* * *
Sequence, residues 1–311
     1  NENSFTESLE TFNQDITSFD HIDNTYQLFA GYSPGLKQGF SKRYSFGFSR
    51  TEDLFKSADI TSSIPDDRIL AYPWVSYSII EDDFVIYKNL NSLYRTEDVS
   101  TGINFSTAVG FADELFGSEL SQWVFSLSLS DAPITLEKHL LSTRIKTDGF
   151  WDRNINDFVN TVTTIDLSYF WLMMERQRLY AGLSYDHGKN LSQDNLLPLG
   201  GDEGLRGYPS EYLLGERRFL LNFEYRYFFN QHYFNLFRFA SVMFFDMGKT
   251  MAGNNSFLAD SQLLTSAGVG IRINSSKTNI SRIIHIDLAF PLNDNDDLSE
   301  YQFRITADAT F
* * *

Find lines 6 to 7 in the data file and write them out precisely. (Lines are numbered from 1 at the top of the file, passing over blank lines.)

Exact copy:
   201  GDEGLRGYPS EYLLGERRFL LNFEYRYFFN QHYFNLFRFA SVMFFDMGKT
   251  MAGNNSFLAD SQLLTSAGVG IRINSSKTNI SRIIHIDLAF PLNDNDDLSE